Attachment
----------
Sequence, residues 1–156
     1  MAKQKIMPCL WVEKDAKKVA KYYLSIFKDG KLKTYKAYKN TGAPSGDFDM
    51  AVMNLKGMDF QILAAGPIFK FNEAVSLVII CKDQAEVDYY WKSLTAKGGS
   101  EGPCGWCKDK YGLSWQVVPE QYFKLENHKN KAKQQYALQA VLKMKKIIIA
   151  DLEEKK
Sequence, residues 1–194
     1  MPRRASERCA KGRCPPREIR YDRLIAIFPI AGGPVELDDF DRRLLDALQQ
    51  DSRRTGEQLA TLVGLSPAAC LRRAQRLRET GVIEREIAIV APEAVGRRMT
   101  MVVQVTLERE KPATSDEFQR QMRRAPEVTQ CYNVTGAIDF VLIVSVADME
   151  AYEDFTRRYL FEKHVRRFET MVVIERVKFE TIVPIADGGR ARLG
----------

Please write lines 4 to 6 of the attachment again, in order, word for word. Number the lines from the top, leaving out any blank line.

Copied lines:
   101  EGPCGWCKDK YGLSWQVVPE QYFKLENHKN KAKQQYALQA VLKMKKIIIA
   151  DLEEKK
Sequence, residues 1–194